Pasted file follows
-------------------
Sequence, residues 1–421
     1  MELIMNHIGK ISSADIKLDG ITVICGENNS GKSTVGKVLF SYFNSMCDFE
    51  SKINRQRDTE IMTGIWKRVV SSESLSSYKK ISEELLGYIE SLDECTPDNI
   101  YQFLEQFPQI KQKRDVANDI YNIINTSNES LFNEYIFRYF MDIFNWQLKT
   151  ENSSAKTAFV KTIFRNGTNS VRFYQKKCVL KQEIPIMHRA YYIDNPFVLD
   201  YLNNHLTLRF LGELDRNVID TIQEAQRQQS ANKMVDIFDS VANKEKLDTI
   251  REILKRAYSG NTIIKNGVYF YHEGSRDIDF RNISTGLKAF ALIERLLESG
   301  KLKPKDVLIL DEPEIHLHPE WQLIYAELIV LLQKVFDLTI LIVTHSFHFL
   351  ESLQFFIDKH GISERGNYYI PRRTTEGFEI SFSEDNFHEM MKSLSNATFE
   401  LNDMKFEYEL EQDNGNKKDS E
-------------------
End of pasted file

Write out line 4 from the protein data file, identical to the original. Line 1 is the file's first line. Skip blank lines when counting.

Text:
   101  YQFLEQFPQI KQKRDVANDI YNIINTSNES LFNEYIFRYF MDIFNWQLKT